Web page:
Each year, brands are investing countless hours and thousands if not millions of dollars in marketing to prospects and current customers with content. Often times, internal marketing teams are finding that they need content marketing agency expertise and support outside of their organization. Working with an agency that specializes in content marketing can provide brands with a more strategic and scalable marketing program that leverages expertise and additional resources that specialize in content. However, agency retainers can be substantial and there isn't a marketing executive out there that isn't in search of maximum return on that investment. At last week’s Content Marketing World, TopRank Marketing CEO Lee Odden took the stage to share insights about how brands can get the most out of their content marketing agency. Whether you’re currently on the hunt for an agency to help with content marketing, or if you are in deep with an existing agency relationship, these tips will help you get the most out of working an outside resource to win the content marketing race.
When to Engage A Content Marketing AgencyFirst, it’s important to determine how engaging a content agency will help your brand achieve your marketing goals. Below are a few examples of signs that you may be in need of an agency partner:
- Building up a large content marketing team just isn’t practical.
- There is a need for expertise that currently doesn’t exist within your organization and you need to create efficiencies.
- You’re looking for an outside perspective that will help challenge your team, evolve your approach and provide validation of the successful ideas the team has implemented.
- Creating additional connections with partners, platforms and influencers is an objective.
- Additional training, insight and education are needed for the internal marketing team.
- Projects: Short-term, turnkey, campaign, content creation
- Strategy: Research, workshops, recommendations, strategy report, no execution
- Partners: Research and strategy implementation, content at scale, integration, Martech, ongoing management and execution, dashboard reporting.
Setting Realistic ExpectationsOne of the key elements that determines either the success or failure of a brand and agency relationship is the quality of communication. Both parties need to be up-front about expectations, capabilities and goals. All too often, agencies will agree to or construct ideas that may not necessarily be within their wheelhouse. When that happens, the end result typically does not live up to the expectation set with their client. That is why transparent and honest communication is essential to brand and agency success.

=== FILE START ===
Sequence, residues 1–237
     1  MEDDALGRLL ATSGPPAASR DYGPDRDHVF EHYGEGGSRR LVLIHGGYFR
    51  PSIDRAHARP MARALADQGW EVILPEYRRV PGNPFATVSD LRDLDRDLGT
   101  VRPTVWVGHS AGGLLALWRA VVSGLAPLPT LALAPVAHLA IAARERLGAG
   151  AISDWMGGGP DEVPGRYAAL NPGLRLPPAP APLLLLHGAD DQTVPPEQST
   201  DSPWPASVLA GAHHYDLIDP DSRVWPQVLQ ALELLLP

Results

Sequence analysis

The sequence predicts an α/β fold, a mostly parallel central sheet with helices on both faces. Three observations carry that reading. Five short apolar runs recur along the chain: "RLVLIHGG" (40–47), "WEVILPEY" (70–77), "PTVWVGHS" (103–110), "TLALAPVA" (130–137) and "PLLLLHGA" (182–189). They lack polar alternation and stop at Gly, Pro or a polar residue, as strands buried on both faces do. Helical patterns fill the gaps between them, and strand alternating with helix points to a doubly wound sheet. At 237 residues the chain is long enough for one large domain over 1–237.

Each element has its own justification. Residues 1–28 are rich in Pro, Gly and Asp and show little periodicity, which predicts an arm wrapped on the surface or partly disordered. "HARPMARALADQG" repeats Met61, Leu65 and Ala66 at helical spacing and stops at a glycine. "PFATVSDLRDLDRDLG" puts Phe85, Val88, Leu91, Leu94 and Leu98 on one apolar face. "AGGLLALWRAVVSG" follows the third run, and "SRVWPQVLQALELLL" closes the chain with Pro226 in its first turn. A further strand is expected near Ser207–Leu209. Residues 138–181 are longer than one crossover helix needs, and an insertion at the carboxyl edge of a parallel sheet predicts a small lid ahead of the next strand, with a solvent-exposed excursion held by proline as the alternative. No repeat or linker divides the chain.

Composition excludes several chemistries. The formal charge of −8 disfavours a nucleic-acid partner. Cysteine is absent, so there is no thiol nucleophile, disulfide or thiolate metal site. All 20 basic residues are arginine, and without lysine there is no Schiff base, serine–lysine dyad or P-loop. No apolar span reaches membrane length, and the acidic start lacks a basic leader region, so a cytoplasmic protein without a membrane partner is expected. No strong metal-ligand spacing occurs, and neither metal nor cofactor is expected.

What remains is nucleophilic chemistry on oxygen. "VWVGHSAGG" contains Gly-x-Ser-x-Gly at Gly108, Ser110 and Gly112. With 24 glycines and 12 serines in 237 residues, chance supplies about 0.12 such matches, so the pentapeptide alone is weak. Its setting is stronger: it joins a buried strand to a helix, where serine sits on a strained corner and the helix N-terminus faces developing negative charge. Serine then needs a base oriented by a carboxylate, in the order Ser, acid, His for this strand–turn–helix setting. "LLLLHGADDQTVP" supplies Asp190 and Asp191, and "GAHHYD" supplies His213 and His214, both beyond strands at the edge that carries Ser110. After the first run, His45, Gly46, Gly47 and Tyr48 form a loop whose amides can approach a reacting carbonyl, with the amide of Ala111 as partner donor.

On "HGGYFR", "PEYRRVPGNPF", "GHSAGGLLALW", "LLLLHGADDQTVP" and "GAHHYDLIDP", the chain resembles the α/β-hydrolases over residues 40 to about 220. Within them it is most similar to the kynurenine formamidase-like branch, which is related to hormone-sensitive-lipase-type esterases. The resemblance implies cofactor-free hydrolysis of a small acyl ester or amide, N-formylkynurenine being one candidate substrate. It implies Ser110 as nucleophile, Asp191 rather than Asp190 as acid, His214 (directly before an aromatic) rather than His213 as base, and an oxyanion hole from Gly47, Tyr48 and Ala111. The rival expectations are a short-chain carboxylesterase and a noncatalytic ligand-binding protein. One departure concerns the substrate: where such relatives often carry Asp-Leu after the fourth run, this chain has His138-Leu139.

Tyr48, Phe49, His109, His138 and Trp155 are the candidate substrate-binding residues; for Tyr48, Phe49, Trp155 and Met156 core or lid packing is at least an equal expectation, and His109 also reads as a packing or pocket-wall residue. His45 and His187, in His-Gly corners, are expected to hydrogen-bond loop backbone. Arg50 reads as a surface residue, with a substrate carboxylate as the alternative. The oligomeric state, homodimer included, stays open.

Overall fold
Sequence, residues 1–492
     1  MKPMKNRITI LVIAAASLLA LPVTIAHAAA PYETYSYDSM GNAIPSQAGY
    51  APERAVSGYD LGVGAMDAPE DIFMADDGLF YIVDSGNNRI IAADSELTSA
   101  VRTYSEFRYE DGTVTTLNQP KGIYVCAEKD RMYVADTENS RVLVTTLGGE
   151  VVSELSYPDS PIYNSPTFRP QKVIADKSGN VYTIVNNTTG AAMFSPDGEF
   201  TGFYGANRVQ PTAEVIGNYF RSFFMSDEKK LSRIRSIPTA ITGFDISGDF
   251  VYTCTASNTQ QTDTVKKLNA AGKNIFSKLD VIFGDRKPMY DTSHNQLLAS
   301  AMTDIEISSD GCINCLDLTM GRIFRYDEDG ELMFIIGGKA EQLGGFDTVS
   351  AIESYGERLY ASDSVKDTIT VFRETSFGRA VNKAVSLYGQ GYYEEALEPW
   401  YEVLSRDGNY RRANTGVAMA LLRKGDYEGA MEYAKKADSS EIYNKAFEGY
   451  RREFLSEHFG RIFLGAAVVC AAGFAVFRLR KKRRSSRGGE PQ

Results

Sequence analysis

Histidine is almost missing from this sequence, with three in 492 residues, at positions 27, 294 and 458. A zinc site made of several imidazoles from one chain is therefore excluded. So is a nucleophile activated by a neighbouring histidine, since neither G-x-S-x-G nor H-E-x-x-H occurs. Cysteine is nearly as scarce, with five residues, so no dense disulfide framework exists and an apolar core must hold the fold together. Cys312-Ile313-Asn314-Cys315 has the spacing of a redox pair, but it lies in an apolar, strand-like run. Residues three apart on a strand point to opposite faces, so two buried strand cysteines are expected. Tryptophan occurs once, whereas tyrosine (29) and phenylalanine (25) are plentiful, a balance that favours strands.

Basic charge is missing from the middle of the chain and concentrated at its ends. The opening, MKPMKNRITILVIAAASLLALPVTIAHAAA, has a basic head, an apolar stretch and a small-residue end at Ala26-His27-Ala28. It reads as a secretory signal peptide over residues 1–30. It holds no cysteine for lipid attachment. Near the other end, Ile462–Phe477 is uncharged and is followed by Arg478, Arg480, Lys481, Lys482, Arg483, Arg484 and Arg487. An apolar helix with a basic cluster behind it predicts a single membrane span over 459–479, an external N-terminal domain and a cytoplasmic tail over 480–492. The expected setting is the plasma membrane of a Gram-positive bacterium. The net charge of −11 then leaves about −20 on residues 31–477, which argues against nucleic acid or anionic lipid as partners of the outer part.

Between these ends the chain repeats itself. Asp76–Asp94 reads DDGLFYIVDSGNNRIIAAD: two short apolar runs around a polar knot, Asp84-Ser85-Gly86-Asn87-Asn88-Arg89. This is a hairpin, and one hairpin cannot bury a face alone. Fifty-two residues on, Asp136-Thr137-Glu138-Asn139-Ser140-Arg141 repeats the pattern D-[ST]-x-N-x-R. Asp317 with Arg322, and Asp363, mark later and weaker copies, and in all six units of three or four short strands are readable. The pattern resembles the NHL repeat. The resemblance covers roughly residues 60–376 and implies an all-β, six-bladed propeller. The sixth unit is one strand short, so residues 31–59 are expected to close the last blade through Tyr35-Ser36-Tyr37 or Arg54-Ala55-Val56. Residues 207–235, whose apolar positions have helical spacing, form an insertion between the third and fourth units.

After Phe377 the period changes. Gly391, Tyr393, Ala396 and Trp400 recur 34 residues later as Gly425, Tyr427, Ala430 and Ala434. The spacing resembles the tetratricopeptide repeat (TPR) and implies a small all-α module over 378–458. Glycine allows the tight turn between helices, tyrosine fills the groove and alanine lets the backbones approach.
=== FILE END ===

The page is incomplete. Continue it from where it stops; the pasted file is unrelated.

Common Agency IssuesUnfortunately, there are sometimes issues that arise and create a less than stellar experience. Some of the top issues that many brands have experienced include:
- The agency they’re working with just doesn’t “get” their messaging or understand who they are.
- While the agency creates great content, they don’t have expertise about content amplification or promotion.
- The quantity or variety of content that’s needed by the brand can’t be produced by the agency.
The Relationship is A Two-Way StreetThe truth of the matter is that both the brand and the agency have certain obligations to fulfill in order for the relationship to run smoothly and successfully. Sometimes agencies are not provided with the proper guidance needed in order to create a successful content program. Additionally, internal brand processes can create bottlenecks (especially related to content approval) and make it difficult for the agency to execute. To help alleviate the issue of "approval black holes", TopRank Marketing Co-Founder and President Susan Misukanis recommends:
For Content Marketing Performance Measurement, Follow An Attract, Engage & Convert Content Model Good content marketing will follow an attract, engage, convert model that is aimed to closely align with business goals and marketing KPIs to provide the most value. Below is a model that Lee shared with the audience during his presentation:
"Confirm the specific process and people involved with the client side approval requirements in advance and include them in the agreement. Be specific and provide ‘plan B’ options.”
6 Ways to Evaluate A content Marketing Agency
- Be clear on your own goals and resources
- Ensure that the agency provides their approach to content, specializations and differentiators
- Understand how they work and who they work with
- Determine how their team is structure and who leads the relationship from their team
- Insights into processes including strategy, plan, tactics, measurement and reports should be provided
- Ask for recent successes, references and their engagement model
Don’t Settle for A Wrong FitUltimately, some agencies are a fit for certain brands and others aren’t. Make sure that you do your homework and determine beforehand what qualities are most important for your brand. If you’re in need of a new content marketing agency or just want to explore your options, contact TopRank Marketing for a free consultation.
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